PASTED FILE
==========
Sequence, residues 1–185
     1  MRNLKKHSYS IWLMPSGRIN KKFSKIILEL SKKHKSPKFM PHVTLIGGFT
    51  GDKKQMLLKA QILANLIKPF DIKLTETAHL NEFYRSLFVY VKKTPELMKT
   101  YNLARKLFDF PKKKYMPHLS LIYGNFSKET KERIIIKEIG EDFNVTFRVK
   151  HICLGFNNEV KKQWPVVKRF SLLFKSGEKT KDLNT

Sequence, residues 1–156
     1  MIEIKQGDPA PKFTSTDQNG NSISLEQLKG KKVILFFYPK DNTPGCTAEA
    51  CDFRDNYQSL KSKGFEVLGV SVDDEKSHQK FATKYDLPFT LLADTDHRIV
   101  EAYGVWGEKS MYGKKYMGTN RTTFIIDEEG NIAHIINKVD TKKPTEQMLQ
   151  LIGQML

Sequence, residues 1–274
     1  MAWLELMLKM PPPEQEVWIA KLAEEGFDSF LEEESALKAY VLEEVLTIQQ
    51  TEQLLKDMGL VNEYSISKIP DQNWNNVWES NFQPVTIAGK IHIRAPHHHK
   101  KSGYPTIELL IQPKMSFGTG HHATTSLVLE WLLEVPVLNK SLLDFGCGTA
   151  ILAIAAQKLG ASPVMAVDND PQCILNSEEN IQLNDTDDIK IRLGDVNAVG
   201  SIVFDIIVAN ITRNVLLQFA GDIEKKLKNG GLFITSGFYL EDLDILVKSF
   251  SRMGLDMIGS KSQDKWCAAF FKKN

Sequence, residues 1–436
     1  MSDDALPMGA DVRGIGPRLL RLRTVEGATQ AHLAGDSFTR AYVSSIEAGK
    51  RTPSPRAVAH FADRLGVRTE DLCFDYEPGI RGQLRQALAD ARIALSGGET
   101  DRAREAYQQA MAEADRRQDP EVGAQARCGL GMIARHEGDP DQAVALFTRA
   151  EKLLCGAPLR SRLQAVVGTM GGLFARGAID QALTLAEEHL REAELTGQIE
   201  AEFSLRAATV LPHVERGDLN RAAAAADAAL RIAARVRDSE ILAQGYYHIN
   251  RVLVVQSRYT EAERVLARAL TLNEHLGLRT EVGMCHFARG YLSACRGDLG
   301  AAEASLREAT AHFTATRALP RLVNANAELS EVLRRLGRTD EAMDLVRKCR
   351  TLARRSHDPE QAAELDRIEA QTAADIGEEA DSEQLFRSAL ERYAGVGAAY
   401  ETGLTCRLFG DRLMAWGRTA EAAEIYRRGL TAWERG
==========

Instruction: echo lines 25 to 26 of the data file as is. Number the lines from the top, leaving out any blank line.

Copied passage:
   301  AAEASLREAT AHFTATRALP RLVNANAELS EVLRRLGRTD EAMDLVRKCR
   351  TLARRSHDPE QAAELDRIEA QTAADIGEEA DSEQLFRSAL ERYAGVGAAY